As I noted in a post recently, NZTA have released a “National Farebox Recovery Policy“, which in some respects makes sense: to create some sort of mechanism that can help ensure we get value for money from our public transport investment. As Auckland’s ratepayer/NZTA contribution to public transport funding has increased hugely over the past decade, while patronage has barely kept up with population growth, clearly something doesn’t add up and steps should be taken to ensure we can get better value for money out of public transport – the very reason why we needed the Public Transport Management Act.
Most of the National Farebox Recovery Policy is actually quite fine. It talks about the need to consider a wide range of factors when setting the recovery ratio, the need to recognise the wider benefits public transport provides, the need to recognise the social benefits of public transport and so on. However, amidst all this fairly reasonable talk is the clanger: a requirement that the farebox recovery ratio averages 50% across the whole country in “the medium term”. There’s something truly strange about this requirement as it doesn’t fit in with pretty much everything else that is said in the farebox recovery policy, but because of its potential impact it actually drowns out everything else in the policy. It is the policy, and potentially it will become the public transport policy throughout New Zealand, possibly leading to high fares, services cuts and the “death spiral” for public transport that I described a few days back.
Being somewhat curious about this “mis-match” between the 50% figure and the rest of the policy, I was pretty happy when a recent Official Information Act request I put to NZTA for some of their board papers ended up capturing a lot of the work NZTA has done to inform the final farebox recovery policy. And there’s some really interesting stuff in there. Of particular interest is what NZTA say about the 50% idea for Auckland, Wellington and Christchurch (which was one of the options in the proposed policy, what we’ve actually ended up with was quite outrageously not even one of the two options consulted on). I find this bit particularly insightful. Basically, what this means is that while raising the farebox recovery level to 50% in Auckland would save around $8.4 million of public subsidies per year, the loss of patronage that would result from the increased fares would result in a $64 million negative outcome. Effectively for each dollar “saved”, we lose $8 in wider economic costs as people get back in their cars and clog up the roads.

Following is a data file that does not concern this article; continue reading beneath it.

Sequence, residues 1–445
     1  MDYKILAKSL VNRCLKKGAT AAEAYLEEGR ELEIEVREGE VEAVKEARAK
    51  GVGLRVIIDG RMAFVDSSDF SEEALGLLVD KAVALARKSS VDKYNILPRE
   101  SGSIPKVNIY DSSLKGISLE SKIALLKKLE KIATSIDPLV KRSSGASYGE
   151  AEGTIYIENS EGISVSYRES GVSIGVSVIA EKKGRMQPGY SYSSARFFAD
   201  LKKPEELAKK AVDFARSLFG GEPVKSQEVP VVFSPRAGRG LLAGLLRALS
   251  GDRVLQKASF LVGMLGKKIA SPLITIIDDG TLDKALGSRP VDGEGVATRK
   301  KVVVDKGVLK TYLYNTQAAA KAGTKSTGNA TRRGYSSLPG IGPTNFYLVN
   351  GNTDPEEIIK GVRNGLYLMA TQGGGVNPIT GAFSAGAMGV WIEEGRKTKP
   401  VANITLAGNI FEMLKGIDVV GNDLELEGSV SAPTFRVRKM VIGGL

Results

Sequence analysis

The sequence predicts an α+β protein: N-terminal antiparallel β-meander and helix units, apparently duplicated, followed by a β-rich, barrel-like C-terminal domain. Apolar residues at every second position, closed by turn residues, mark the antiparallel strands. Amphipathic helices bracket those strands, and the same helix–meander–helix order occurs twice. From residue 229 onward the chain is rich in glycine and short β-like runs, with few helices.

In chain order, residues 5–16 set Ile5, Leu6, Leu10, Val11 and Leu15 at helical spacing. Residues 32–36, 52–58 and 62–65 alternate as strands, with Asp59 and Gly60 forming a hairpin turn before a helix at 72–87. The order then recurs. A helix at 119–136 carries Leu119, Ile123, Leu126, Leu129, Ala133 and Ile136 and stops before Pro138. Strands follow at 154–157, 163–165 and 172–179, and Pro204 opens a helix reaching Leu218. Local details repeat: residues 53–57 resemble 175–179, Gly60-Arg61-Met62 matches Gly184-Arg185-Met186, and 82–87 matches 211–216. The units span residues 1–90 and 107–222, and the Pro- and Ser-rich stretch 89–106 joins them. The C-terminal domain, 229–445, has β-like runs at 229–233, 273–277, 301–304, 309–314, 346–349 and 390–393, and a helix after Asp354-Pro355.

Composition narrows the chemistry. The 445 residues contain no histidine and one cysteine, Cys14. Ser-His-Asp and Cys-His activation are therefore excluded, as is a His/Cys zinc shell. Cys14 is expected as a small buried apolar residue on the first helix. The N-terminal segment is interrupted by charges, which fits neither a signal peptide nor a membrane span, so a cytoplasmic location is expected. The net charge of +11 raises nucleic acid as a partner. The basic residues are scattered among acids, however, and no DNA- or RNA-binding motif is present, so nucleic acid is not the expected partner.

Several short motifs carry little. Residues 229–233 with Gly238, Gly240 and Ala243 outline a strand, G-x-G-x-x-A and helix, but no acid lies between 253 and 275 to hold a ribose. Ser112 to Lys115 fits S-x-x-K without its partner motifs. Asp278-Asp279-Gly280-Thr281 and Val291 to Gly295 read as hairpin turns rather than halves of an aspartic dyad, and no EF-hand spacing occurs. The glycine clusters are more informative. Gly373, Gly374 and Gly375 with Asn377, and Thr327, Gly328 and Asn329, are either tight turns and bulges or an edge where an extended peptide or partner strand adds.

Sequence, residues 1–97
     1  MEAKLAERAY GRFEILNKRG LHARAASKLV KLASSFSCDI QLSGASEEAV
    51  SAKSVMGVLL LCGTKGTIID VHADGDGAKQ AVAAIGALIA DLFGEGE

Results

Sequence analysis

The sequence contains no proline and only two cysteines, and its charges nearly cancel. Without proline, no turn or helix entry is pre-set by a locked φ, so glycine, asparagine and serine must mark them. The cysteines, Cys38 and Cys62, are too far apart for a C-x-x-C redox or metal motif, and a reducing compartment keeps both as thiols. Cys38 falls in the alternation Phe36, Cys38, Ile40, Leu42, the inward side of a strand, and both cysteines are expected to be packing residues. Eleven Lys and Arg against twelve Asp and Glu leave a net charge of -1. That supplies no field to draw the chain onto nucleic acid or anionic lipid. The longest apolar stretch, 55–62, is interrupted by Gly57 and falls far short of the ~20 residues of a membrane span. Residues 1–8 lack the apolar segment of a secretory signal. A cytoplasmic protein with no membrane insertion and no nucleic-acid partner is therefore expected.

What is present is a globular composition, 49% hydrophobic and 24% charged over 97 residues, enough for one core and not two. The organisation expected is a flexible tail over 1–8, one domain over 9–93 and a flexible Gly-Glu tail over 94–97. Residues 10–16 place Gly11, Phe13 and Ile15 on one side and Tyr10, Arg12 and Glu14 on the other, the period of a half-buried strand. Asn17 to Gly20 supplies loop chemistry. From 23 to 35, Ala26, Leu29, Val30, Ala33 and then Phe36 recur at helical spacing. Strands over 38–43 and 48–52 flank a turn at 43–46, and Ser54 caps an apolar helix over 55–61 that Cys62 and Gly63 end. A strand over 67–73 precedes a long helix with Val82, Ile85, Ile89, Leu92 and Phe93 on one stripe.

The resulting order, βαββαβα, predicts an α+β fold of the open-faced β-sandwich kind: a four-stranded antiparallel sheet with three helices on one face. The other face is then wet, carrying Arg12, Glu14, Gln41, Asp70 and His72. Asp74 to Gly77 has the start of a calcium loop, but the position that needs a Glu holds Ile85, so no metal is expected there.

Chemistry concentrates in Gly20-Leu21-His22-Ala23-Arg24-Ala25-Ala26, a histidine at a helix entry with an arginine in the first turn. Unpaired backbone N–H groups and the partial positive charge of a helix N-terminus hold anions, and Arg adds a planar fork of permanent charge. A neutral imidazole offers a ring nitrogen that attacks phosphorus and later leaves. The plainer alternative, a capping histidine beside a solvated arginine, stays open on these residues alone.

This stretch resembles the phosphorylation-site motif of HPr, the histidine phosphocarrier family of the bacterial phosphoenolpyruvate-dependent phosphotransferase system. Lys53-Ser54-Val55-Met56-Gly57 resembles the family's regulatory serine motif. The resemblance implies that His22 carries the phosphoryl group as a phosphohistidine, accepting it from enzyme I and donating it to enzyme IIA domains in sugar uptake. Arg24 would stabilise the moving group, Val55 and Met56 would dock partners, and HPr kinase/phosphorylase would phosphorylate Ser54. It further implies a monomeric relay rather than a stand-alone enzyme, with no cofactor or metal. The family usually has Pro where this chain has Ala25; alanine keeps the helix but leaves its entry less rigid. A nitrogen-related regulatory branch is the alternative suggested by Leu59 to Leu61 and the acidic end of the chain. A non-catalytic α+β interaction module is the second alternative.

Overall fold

Of course that is stupid. NZTA know it’s stupid and have said so. So why on earth are they proceeding with this crazy policy? What this table shows is that we should actually be looking the other way, to reduce the farebox recovery ratio because it seems to pay back extremely well in terms of economic benefits if patronage is increased: for example in Wellington it would cost $4.3 million extra to lower the farebox recovery down to 50%, but that would “pay off” with $22.14 million of benefits – a cost-benefit ratio of $5.14 returned for every dollar invested (translation: extremely high.)